Elderberry refers to several different varieties of the Sambucus tree, which is a flowering plant belonging to the Adoxaceae family. The most common type is Sambucus nigra, also known as the European elderberry or black elder. This tree is native to Europe but is widely grown in many other parts of the world. Elder trees (S.Nigra) can grow up to 9 metres (30 feet) tall. In May/June the trees are full of clusters of small white- or cream-colored flowers known as elderflowers. These can also be used in many recipes that I'm sure I'll explore that here when its the season. The berries are found in small black or blue-black bunches and are just coming to an end around now.
Whilst the flowers that come earlier in the year have a delicate aroma and can be eaten raw and cooked- The berries are quite tart and need to be cooked to be eaten. Both the flowers and berries are edible but the leaves and stalks are not and are infact slightly toxic so will likely give you an upset stomach and could cause some nausea. So fo this reason you will need to destalk your berries before brewing.
In folk medicine today, the elderberry is considered one of the most healing plants with the dried berries being used to treat influenza, infections, sciatica, headaches, dental pain, heart pain, and nerve pain, as well as a being a laxative and diuretic. The berries and flowers of elderberry are packed with antioxidants and vitamins (particularly high in Vitamin C) that will help to give a boost to your immune system. Especially important as we head into the colder months and the nights become chillier as well as longer- i find this is when we are most likely to pick up colds, flues and general sniffles. The elderberrys are here to keep us healthy as we adjust into the cooler months.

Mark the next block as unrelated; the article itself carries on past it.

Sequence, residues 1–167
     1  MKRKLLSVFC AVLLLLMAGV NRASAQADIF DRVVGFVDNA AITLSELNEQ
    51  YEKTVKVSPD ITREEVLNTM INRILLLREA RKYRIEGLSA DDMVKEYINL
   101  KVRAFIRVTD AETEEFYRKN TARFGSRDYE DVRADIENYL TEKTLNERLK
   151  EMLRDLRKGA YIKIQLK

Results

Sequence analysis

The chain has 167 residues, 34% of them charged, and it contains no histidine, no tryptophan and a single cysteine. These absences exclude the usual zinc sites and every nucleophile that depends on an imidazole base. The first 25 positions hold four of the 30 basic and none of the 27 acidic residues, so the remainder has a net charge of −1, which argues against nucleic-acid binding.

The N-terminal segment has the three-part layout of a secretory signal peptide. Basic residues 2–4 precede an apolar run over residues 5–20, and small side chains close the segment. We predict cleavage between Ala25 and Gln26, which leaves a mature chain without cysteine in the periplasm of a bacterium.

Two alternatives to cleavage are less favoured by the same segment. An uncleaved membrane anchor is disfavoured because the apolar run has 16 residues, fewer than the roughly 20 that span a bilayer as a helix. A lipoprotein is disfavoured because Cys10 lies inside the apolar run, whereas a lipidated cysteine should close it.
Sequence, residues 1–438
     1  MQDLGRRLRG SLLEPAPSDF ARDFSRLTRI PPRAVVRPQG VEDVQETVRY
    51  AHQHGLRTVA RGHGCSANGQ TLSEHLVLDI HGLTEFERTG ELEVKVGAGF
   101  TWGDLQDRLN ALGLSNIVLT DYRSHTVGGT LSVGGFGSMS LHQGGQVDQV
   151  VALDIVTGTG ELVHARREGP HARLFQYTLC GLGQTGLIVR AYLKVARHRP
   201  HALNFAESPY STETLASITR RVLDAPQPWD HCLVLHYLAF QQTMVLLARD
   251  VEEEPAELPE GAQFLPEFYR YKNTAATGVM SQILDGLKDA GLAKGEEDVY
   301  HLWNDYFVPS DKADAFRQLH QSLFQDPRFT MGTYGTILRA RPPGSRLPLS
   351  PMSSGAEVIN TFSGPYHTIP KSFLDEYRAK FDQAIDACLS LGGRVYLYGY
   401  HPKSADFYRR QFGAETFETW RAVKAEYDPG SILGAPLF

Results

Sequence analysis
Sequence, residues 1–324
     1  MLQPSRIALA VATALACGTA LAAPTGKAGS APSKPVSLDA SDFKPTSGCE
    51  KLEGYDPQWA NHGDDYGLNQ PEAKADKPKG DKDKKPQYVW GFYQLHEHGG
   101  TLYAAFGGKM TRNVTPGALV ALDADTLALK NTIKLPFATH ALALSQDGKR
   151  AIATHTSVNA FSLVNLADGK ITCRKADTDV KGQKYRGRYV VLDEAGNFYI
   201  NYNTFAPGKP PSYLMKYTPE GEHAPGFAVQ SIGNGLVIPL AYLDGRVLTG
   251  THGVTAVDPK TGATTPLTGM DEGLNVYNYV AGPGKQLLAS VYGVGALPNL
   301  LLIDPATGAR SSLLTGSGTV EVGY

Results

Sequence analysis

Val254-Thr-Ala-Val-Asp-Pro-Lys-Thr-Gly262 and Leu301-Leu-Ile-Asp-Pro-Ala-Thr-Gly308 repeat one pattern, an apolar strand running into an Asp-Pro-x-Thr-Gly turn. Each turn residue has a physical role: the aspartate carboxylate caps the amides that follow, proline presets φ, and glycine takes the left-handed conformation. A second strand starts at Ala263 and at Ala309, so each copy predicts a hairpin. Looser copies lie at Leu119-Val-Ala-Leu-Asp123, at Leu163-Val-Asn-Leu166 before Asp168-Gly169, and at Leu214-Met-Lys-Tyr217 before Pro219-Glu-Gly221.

Elderberry brandy honey syrup
This year I have only made a very simple elderberry syrup with some added ginger using a fairly basic recipe that you can find here. So I have borrowed this excellent recipe from my good friend Tamsin Sagar who makes some wonderful foraged goodies and has a much deeper herbal medicine knowledge than myself.
what you will need
Around a litre of destalked Elderberries (picked fresh is always best)
3 litres of water
1 litre of Brandy
1 litre of local honey
Juice of 2 lemons
Optional added herbs/ spices- you could try
Cloves/ Stair anise/ Ginger/ Cinnamon/ Thyme
A big pot
A muslin cloth or strainer
what you do
Add Elderberries and water together- you want to have ratios of 1 berries to 3 parts water
Simmer them for a couple of hours on a low heat
Water should reduce to roughly a ratio of 1:2 berries to water
Add the lemon juice, honey and brandy to the pot
Gently heat so all is mixed/ dissolved and then remove from heat
(raw honey shouldn't be heated for long as will lose some of its raw benefits)
Leave to stew for at least 24hours but a few days will allow honey and brandy to extract more goodness
Strain mixture into sterilised bottles
The brandy will preserve the syrup for at least a year so enjoy whenever needed
why its good
Brandy whilst acting mainly as a preservative and giving the syrup a good long shelf life (at least a year) it is also a good lung tonic as it opens up the bronchioles getting medicine where its needed. It also helps to relax and ease breathing and the alcohol will extract more and different properties from the magical elderberries. As will the honey that will then help our cells absorb the medicine.
Proper raw local honey is its own medicine and has heaps of its own benefits from being anti bacterial, anti fungal and helping with seasonal allergies. If you are getting your honey from a reputable beekeeper or apiary then you are actually helping the bees out here too- as these set ups generally take very good care of their bees and act as safe havens for the bees that are facing so many challenges and threats. There are barely any honeybee hives left in the wild now so bee populations rely on nice beekeepers. Buying local honey helps support them to help the bees and also keeps your food miles down! Win win :)